Sunday, November 15, 2009

Provoked to Love

Hebrews 10:19-25

Imagine for a moment that you’re watching two men talking. You can’t hear what they’re saying – they could be talking about football, politics, the best place to get burgers, and maybe even religion. At first the discussion seems fairly congenial, but then it gets a bit heated, and you see one man put his finger into the chest of the other, and shouts: “Don’t provoke me!”

It would seem that this word -- “provoke” – carries a lot of negative baggage. When we hear it, we hear argument, heated discussion, or even a fight. Wars start with provocations, and in Ephesians parents are told not to “provoke [their] children to anger” (Eph. 6:4). Now, I wish the message had been -- children, don’t provoke your fathers to anger, but that’s not what it says. Oh, by the way, if you turn to 1 Corinthians 13, you’ll find Paul saying that love isn’t “irritable,” which is the same word in Greek as provoke. And, who wants to be irritable?

So, from what I can tell, it’s safe to say that it’s not polite, indeed, it could be irritating, to provoke people! And yet, here we have the author of Hebrews telling us to provoke our neighbors –not to anger -- but to “love and good works.” So, maybe being provocative isn’t always a bad thing!

I. Stir Things Up

But, since the word “provoke” has so much baggage, we could try using a different word or phrase – something like “stirring things up” – and, in the context of our passage this might make sense. The author of Hebrews tells us that because Jesus has purified us, we can enter God’s sanctuary with confidence and boldness. Jesus has opened the way for us to enter God’s presence by taking down the curtain that separates us from the Holy of Holies.

With that kind of wind at the back, we needn’t be timid in our praise of God or in our relationships with each other. Now that Jesus has washed us clean, we are in a position where the Spirit of God can push us beyond our comfort zones and open our eyes to the needs of the world. The Spirit also stirs things up by making us aware of our neighbor’s gifts, talents, and abilities, and so we can encourage them to take up the good works God that has already prepared for them (Eph. 2:10), so that they might use these gifts and talents for the glory of God and for the benefit of their neighbors.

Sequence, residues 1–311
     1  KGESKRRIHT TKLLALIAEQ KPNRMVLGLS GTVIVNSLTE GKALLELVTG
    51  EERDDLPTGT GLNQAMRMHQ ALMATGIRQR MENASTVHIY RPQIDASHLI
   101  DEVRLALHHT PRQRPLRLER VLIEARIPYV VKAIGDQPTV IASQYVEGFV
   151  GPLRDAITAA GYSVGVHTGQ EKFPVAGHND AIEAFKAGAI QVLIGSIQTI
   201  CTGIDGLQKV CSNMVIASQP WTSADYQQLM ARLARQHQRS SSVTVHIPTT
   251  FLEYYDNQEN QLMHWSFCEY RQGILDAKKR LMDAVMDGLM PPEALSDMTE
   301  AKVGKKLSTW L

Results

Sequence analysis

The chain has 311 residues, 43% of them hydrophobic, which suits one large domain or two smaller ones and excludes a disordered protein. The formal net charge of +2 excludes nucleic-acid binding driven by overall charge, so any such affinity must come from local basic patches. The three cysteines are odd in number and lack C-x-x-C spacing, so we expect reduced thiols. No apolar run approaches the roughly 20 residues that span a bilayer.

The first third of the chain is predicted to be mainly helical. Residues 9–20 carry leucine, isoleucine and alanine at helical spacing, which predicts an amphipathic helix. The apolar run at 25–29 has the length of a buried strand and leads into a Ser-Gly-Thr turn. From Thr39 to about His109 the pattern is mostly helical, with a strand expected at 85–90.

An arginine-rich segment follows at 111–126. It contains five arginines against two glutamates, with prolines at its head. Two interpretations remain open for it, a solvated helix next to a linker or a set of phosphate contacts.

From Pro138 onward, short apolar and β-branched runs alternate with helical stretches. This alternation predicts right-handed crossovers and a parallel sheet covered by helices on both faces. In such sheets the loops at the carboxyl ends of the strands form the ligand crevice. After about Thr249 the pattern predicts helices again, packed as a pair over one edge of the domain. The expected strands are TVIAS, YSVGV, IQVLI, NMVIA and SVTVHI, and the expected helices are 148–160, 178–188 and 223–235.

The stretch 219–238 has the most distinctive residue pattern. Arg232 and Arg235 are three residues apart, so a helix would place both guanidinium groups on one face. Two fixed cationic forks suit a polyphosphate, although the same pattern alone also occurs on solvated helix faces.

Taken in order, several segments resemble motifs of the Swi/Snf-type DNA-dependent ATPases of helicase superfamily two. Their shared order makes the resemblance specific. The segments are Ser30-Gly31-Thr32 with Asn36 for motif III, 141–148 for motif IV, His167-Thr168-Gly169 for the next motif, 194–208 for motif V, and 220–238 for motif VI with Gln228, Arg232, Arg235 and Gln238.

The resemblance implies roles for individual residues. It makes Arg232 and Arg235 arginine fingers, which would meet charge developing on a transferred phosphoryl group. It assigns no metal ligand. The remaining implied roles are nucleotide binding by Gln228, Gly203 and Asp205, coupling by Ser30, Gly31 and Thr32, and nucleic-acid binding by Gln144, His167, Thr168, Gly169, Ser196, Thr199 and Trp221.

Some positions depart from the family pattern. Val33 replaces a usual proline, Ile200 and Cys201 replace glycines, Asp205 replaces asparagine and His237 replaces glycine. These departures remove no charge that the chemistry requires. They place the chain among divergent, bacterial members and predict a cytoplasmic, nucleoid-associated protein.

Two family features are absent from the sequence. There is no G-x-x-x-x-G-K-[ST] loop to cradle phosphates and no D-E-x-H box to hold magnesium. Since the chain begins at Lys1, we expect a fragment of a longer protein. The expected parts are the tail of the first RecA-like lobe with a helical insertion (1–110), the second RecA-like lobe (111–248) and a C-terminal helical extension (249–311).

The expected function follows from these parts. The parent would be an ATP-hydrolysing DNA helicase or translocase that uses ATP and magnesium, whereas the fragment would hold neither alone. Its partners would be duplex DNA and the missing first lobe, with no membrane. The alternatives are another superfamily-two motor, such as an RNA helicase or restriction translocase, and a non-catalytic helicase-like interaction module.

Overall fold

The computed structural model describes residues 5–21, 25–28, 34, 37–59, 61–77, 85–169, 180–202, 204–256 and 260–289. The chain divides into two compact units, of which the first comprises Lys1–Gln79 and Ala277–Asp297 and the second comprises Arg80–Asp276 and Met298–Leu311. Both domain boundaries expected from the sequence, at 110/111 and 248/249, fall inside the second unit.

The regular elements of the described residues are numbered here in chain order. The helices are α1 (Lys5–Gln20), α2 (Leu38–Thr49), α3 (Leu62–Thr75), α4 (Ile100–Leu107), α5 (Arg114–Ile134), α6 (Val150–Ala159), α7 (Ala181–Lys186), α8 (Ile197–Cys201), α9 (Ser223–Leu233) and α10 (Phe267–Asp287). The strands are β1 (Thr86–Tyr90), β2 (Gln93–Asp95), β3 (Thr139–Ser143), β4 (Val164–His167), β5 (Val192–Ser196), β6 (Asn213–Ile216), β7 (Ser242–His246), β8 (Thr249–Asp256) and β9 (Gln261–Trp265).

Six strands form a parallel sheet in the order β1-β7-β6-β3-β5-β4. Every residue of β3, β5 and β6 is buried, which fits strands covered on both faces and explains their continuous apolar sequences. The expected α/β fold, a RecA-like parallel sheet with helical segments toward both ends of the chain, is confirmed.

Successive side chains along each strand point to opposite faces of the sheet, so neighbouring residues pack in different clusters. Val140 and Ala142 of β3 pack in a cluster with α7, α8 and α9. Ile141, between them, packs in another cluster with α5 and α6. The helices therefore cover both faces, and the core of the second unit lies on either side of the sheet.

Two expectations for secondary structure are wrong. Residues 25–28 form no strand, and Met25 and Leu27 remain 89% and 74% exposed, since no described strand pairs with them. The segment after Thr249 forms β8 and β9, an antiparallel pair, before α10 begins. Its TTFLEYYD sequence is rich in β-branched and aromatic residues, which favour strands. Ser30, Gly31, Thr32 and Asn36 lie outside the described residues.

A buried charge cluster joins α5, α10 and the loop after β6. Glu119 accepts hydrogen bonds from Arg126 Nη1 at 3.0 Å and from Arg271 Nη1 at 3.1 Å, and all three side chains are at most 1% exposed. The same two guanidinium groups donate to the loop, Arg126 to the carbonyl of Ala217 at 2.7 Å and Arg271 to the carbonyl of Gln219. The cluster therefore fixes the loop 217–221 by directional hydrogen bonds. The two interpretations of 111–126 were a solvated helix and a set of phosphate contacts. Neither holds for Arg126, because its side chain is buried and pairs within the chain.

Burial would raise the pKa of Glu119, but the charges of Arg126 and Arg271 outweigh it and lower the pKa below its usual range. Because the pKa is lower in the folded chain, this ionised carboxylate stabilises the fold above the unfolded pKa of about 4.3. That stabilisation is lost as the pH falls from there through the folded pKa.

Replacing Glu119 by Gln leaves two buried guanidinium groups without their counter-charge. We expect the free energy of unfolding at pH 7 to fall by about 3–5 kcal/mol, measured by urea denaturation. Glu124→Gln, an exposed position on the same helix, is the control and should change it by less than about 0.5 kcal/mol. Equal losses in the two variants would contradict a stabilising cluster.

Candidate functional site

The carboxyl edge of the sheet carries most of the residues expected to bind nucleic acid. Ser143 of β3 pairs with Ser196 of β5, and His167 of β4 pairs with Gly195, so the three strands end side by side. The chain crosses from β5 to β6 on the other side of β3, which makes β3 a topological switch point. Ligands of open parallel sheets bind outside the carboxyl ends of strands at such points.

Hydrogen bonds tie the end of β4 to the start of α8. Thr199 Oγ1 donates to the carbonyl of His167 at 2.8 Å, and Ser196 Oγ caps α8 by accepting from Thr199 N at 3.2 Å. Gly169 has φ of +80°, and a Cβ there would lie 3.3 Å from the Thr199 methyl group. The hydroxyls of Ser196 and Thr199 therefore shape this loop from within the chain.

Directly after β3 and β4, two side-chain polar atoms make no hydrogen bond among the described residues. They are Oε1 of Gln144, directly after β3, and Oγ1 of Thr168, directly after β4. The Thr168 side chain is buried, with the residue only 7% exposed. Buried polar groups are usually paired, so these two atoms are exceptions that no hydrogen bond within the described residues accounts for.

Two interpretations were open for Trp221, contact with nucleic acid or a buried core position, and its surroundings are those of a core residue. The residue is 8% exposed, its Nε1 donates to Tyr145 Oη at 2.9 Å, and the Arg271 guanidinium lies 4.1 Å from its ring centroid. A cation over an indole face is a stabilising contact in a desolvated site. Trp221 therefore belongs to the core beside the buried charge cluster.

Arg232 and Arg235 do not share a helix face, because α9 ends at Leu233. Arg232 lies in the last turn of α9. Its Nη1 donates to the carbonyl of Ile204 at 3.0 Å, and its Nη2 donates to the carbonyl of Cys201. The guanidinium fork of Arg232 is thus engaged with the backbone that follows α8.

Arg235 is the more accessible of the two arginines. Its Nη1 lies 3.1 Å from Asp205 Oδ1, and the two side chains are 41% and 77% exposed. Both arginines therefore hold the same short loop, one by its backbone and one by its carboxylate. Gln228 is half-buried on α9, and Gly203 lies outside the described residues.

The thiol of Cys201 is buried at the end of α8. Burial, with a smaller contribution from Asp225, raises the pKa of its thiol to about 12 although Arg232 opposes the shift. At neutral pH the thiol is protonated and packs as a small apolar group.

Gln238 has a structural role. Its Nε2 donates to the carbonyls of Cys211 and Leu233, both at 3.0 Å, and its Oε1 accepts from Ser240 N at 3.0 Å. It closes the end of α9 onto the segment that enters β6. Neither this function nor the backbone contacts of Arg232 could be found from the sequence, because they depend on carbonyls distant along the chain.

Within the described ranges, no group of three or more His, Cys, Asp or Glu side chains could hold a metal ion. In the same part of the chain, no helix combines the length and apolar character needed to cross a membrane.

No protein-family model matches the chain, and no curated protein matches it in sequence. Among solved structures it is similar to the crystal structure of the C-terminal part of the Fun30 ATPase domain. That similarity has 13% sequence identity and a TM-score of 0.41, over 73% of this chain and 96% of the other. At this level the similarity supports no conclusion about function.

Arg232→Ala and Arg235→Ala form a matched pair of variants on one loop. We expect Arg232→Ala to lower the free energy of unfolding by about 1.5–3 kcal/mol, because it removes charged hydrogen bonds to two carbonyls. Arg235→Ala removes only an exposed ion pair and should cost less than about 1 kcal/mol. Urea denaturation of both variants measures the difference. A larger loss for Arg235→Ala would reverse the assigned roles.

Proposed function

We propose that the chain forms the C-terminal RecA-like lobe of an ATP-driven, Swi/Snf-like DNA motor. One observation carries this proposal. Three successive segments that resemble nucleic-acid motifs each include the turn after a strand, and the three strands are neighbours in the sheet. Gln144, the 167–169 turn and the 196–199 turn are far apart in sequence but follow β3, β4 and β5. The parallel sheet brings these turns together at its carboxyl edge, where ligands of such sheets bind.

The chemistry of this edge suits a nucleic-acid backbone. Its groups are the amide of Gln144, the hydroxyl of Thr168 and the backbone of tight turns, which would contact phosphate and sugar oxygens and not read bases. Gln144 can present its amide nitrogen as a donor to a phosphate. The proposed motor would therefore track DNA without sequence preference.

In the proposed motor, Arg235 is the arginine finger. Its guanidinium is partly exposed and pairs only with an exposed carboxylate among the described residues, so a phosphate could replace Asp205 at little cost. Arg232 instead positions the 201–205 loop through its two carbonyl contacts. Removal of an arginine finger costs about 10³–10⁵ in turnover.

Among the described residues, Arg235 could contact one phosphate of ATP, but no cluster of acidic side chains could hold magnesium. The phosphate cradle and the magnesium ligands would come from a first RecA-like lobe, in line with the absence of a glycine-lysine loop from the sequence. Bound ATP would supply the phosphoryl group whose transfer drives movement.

II. With a Word of Encouragement

There is another side of being spiritually provocative, besides stirring things up. It also involves offering words of encouragement. If we’re going to be a true community, then the ministry of encouragement must stand at the heart of who we are as a congregation. We’re not just a group of unrelated individuals, filling pews for an hour on Sunday morning. Instead, we’re a community of people living in relationship with each other, or as the speaker made clear last week at the Stephen Ministry retreat – the flip side of me is we.

Peter Gomes, suggests that a word of encouragement provides “that positive, affirming force that is so often missing in the routine of life.” A word of encouragement says to a person: you are important; you have purpose, you are loved and needed! Without these words of encouragement we will perish, maybe not physically, but certainly spiritually and emotionally. Although there are plenty of self-help books for sale, Gomes reminds us that we can’t “encourage ourselves.” Therefore, it is, “our spiritual obligation to encourage one another” (Christian Century, Nov. 5, 1997). And that only happens in community, which is why the author of Hebrews chides those who are “neglecting to meet together.”